Multifaceted approaches to adaptation are needed
Effective adaptation requires ‘fit-for-purpose’ risk assessment procedures at local and facility levels, bridging of potential data and knowledge gaps, and the development of appropriate technical and management solutions that reduce vulnerability and allow for decision-making under uncertainty. In this context, supportive legal and policy frameworks have an important role to play, and some progress has been made in this respect recently, with climate change adaptation increasingly being integrated into national policy and planning instruments, as well as into some legal instruments, such as the EU Climate Law, which entered into force for all EU Member States in July 2021 and envisages strong action on adaptation (Art. 5), together with regular monitoring and reporting.
Also important are standards, guidance, methodologies and tools and training materials, such as those developed by UNCTAD and its collaborating academic partners, to assist stakeholders on the ground.
To assist in the process of transport infrastructure adaptation and resilience building, the Marrakech Partnership for Global Climate Action has developed a number of recommendations for different public and private stakeholders, together with milestones towards 2050 (for 2025, 2030 and 2040). Accordingly, by 2025, all new transport infrastructure and systems – and by 2030 all critical transport infrastructure and systems – should be climate-resilient to at least 2050. By 2040, all critical infrastructure and systems should be climate-resilient to at least 2100.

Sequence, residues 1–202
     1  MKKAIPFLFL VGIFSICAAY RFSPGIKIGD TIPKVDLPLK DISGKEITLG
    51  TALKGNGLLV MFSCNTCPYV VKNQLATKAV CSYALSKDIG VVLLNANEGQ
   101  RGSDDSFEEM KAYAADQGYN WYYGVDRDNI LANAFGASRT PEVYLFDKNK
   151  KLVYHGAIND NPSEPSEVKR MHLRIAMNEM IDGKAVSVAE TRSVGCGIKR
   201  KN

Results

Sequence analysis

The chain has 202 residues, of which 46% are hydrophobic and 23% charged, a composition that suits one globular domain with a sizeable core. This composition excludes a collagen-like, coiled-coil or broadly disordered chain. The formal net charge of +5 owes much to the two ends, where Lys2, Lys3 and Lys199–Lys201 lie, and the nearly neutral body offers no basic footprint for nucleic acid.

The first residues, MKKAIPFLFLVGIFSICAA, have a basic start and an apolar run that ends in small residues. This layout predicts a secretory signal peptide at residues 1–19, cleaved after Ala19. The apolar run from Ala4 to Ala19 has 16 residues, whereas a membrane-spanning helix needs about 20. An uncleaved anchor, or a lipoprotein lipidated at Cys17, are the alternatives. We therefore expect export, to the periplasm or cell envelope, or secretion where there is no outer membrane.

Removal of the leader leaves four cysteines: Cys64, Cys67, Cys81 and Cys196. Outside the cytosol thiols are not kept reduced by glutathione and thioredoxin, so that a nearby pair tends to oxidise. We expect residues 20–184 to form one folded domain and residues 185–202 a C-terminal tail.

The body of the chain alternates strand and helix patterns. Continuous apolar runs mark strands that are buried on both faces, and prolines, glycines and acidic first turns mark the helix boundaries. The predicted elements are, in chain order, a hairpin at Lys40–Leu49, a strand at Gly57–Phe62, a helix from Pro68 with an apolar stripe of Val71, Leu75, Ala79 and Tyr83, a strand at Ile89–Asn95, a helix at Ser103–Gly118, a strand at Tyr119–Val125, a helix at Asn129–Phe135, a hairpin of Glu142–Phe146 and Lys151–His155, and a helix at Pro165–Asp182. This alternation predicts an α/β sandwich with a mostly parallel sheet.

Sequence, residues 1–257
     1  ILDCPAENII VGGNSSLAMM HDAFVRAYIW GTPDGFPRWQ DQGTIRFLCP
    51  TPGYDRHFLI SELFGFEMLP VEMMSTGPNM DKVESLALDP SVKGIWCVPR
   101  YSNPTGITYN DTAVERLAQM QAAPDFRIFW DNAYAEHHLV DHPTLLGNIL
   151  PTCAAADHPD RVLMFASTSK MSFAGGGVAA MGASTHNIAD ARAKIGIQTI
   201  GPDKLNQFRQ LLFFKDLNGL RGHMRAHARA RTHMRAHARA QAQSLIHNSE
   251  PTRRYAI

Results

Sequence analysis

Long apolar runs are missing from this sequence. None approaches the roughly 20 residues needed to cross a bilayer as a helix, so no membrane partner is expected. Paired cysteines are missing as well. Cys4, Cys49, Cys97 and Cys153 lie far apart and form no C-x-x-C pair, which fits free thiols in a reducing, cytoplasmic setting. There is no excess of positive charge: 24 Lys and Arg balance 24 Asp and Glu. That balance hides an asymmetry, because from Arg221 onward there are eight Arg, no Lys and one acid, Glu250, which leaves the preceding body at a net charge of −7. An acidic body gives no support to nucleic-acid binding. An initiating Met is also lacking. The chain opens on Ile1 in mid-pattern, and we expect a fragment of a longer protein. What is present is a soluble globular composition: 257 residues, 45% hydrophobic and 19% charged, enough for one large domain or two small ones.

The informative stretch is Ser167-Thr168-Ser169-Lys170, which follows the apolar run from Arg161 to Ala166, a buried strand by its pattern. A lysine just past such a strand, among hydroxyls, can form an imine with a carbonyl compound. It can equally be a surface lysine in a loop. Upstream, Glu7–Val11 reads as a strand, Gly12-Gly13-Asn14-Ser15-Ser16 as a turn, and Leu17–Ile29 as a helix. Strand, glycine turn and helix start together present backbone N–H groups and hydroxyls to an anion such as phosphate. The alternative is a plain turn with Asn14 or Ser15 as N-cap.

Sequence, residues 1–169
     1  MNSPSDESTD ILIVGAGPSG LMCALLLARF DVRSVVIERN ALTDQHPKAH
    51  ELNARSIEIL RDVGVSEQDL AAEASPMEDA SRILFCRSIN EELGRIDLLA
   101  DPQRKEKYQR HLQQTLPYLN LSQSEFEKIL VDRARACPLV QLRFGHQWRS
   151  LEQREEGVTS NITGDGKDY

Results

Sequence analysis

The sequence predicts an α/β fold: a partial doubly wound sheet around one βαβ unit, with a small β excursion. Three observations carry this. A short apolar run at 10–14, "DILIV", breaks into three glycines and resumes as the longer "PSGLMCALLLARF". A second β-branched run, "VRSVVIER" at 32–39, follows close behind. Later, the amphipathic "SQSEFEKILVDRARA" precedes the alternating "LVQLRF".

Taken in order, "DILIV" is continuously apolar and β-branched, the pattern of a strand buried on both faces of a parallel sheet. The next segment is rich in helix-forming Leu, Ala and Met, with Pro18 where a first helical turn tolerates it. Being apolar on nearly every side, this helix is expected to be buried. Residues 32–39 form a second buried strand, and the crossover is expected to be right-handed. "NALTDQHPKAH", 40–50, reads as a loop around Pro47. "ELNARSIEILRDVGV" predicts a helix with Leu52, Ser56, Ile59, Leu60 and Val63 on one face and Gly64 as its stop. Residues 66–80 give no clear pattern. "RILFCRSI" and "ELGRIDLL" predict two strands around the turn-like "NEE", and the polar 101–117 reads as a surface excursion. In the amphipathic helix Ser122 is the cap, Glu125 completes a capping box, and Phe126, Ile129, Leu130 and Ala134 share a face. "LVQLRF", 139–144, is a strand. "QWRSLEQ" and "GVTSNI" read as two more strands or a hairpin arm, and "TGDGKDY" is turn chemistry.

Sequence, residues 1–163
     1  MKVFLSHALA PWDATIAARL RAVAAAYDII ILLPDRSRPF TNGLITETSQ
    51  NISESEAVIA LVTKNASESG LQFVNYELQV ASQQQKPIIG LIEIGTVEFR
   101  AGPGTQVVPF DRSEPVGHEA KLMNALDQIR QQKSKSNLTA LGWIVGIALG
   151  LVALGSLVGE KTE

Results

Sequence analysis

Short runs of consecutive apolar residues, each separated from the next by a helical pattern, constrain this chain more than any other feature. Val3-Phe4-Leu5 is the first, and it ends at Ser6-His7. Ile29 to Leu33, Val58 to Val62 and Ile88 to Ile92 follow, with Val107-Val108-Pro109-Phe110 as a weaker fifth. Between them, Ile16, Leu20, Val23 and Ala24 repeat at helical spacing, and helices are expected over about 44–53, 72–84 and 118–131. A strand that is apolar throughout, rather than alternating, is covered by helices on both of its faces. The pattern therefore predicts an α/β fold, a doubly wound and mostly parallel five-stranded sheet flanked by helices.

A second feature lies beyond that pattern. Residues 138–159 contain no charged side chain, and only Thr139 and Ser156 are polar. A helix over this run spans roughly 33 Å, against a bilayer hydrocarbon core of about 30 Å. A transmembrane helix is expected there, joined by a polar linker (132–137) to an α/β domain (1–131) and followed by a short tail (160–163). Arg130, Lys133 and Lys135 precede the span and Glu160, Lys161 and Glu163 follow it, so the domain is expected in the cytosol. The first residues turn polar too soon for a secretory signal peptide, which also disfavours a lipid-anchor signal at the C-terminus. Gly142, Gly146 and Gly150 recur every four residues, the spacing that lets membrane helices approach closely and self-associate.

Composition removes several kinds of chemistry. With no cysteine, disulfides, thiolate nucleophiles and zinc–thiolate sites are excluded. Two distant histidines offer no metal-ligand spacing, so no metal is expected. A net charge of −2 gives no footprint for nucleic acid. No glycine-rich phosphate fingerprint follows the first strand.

The International Standardization Organization has developed two standards to assist in adaptation and related vulnerability and risk-assessments; PIANC, the global Association of Waterborne Transport Infrastructure has produced detailed technical guidance on adaptation planning for ports, as well as on selecting, designing and evaluating options for resilient infrastructure; and the European Commission has developed detailed technical guidance on the climate proofing of infrastructure, which will be relevant for environmental impact assessments required under EU law, and for EU infrastructure project funding (see also relevant links below).
While these developments are encouraging, reflecting a growing recognition of the need for urgent action, translating timely ambition into climate-resilience of seaports on the ground action will require coherent and concerted efforts, as well as technical and human capacity building and finance, particularly for developing countries.
European Commission Technical guidance on the climate proofing of infrastructure in the period 2021-2027 (2021)